Unsane signifies an interesting progression in director Steven Soderbergh’s career. The man strikes me as the kind of filmmaker that hones in on doing something really well and then moves on to the next challenge. Take Logan Lucky for example: It was proof that Soderbergh wasn’t completely done with making crowd pleasing ensemble features. Although the comparisons to the Ocean’s Eleven trilogy are a bit glaring, he was able to shake things up and make everything seem so casual. And not to a fault, either. Unsane is him taking on a whole medium of shot-on-iPhone films while still, as always, playing with the constraints and possibilities of genre. It’s another one of those thrillers that has something intellectual lurking right underneath all of the shrill apprehension. Although the finished product is not without its faults, Soderbergh’s newest is the kind of thriller that will have you thinking more about its subject matter than its visual gambit after you leave the theater.
Sawyer Valentini (Claire Foy) finally has made the break from her life in Boston, a place where her stalker took over her mental and physical lives. When she went to therapist for help, she ends up getting committed to a mental institution because she supposedly poses as a danger to herself. Is she crazy? Or is everyone else around her conspiring? Or is it some kind of insurance scam the hospital is pulling to get the most bang for their buck? Also, her stalker is an orderly at the mental institution.
What struck me first about Unsane was how incredibly engaging Claire Foy is. Soderbergh chose the perfect actress to portray a woman stricken with neuroses without belittling them. Side not: I haven’t seen an episode of The Crown, I am sorry. Not only her casting, but her performance is incredibly mature for something that indulges in genre pleasures. The framework for the “is she crazy or isn’t she” thriller is there, but the smart writing and direction pushes the film way beyond the genre limitations. When Sawyer triumphs, it’s not seen as triumphant. It just is. And Foy is more than adept at showcasing internal torture without begging for sympathy. In Unsane, everyone’s a bit (or a lot) broken.
The big thing I’ve been grappling with is how the iPhone aesthetic is used to portray the central character’s trauma. On one hand, Soderbergh has clearly been watching other films shot with an iPhone and has come to the conclusion that there’s garish ugliness that can be mined from something so modern and ingrained in our daily lives. Yet, there’s to beauty to be found in that showiness. The David Lynch comparisons with what Soderbergh is doing here aren’t unearned, but they kind of detract from just how dire the latter director’s view of human interaction actually is here. Unsane can be construed as something taking place in almost quasi-purgatory, a place where no one can be trusted lest it be your downfall.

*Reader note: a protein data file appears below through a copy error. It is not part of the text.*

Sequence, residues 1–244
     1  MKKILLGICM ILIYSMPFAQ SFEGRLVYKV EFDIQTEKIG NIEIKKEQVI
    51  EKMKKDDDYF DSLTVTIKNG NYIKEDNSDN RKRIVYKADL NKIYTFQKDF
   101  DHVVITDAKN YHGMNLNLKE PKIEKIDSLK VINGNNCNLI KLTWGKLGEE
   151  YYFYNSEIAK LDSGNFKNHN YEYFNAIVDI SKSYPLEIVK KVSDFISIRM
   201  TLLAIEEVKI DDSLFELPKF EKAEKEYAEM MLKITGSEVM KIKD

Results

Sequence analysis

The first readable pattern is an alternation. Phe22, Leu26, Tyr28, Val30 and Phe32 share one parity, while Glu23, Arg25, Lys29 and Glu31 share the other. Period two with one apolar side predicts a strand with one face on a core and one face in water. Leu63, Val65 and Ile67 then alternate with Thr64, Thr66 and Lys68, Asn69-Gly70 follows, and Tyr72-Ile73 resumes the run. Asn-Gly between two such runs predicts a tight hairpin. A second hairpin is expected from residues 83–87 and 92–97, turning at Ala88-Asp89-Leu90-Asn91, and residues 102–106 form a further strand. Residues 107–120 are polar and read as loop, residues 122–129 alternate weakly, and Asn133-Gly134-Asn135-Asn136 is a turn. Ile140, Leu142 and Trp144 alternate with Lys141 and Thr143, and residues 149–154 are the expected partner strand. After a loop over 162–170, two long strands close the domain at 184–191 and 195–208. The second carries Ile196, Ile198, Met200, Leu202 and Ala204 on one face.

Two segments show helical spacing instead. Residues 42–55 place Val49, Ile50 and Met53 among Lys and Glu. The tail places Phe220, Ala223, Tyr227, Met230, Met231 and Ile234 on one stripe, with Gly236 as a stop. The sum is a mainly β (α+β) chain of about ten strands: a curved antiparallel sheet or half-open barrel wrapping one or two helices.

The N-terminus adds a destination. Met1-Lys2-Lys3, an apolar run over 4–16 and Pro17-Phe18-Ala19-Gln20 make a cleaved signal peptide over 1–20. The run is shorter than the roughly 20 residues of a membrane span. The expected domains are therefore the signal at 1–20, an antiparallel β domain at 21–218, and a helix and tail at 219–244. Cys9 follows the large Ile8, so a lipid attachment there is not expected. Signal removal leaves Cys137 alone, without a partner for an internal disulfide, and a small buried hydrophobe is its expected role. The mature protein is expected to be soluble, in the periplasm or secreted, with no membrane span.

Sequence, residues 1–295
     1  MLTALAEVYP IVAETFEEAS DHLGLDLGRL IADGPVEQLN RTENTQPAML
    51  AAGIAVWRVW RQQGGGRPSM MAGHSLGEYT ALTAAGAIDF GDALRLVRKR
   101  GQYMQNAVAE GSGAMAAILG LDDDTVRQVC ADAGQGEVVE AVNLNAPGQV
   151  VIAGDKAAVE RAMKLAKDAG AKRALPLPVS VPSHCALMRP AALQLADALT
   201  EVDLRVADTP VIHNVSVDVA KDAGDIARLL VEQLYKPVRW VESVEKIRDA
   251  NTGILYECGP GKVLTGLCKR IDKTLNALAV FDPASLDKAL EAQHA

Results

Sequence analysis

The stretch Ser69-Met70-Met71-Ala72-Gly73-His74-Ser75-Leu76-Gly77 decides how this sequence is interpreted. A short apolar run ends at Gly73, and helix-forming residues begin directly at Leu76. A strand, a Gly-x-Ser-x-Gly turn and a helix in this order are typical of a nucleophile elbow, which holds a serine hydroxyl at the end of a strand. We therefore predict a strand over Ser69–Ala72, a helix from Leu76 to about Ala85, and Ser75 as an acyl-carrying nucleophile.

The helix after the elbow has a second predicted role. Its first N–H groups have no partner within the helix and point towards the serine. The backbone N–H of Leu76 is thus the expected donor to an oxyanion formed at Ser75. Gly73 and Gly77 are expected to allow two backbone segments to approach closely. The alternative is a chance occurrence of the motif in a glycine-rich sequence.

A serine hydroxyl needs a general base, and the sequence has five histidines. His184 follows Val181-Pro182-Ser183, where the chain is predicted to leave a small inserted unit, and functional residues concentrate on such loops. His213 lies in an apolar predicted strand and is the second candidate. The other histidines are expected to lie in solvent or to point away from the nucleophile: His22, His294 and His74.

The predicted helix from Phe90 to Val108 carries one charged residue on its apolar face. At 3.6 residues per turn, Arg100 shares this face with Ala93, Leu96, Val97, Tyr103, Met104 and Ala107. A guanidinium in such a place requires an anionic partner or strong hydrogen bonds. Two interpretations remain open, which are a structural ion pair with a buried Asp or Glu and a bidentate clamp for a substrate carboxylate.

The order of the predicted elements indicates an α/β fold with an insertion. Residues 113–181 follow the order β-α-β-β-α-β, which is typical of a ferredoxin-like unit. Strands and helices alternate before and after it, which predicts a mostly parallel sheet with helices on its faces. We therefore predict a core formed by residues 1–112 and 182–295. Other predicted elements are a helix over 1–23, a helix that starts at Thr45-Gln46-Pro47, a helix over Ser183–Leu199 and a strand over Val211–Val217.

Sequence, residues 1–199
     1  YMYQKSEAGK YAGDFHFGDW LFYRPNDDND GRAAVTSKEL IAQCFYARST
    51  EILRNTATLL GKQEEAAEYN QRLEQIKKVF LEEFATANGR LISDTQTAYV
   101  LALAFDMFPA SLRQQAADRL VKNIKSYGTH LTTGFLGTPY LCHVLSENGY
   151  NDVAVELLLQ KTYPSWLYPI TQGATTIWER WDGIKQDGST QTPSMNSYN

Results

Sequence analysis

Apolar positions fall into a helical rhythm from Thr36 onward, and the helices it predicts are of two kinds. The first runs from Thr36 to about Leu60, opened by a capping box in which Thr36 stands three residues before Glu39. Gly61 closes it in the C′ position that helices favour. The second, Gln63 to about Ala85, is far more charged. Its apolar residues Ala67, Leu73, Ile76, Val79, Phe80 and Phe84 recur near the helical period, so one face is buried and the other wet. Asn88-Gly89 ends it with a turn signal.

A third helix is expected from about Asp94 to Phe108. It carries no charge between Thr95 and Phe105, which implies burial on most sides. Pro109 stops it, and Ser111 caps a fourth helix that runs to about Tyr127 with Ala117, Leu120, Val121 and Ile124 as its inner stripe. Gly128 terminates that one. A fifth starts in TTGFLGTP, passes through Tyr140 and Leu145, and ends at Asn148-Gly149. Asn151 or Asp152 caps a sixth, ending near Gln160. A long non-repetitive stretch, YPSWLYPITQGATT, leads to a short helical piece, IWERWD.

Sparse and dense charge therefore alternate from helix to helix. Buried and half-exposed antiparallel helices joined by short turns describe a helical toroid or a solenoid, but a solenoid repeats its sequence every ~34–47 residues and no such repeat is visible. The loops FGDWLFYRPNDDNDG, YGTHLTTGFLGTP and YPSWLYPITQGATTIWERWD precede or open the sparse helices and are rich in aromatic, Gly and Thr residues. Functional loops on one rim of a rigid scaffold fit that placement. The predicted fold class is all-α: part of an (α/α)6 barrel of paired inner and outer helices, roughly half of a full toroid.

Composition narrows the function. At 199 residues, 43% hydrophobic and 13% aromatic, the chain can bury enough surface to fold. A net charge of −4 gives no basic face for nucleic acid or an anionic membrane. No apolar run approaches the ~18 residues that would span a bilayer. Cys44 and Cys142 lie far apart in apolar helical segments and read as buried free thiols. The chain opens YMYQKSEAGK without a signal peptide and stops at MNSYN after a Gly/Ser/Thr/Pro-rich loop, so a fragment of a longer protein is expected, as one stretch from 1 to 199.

Even when Unsane errs to side of genre, it does so with a subtle sociopolitical wit. The audience I saw the film with decided it was a laugh riot. To me though, I found this story of a woman’s lack of energy and power in these proceedings profoundly upsetting. Don’t go as far to say that this is Soderbergh’s effort to comment on many of today’s social sicknesses, but definitely give the creative group at work here credit for presenting one of those sicknesses without being preachy. As gross and demoralizing as Unsane gets, it’s never too far-fetched from reality.
Then again, do I think the aesthetic from an iPhone was necessary for such a project? No, and I’d almost rather Soderbergh pick up one of his cameras from The Knick and reshoot the whole thing. Very frequently I kept engaging with what was lying just under the surface than certain images Unsane employs. Again, the genre influences duking it out with something much headier gave me a bit of performative whiplash. What I do know is that Soderbergh remains one of the rare few with the resources to do something this experimental to him, and if I’m to measure merit on trying new things, then I’d like five more of these please.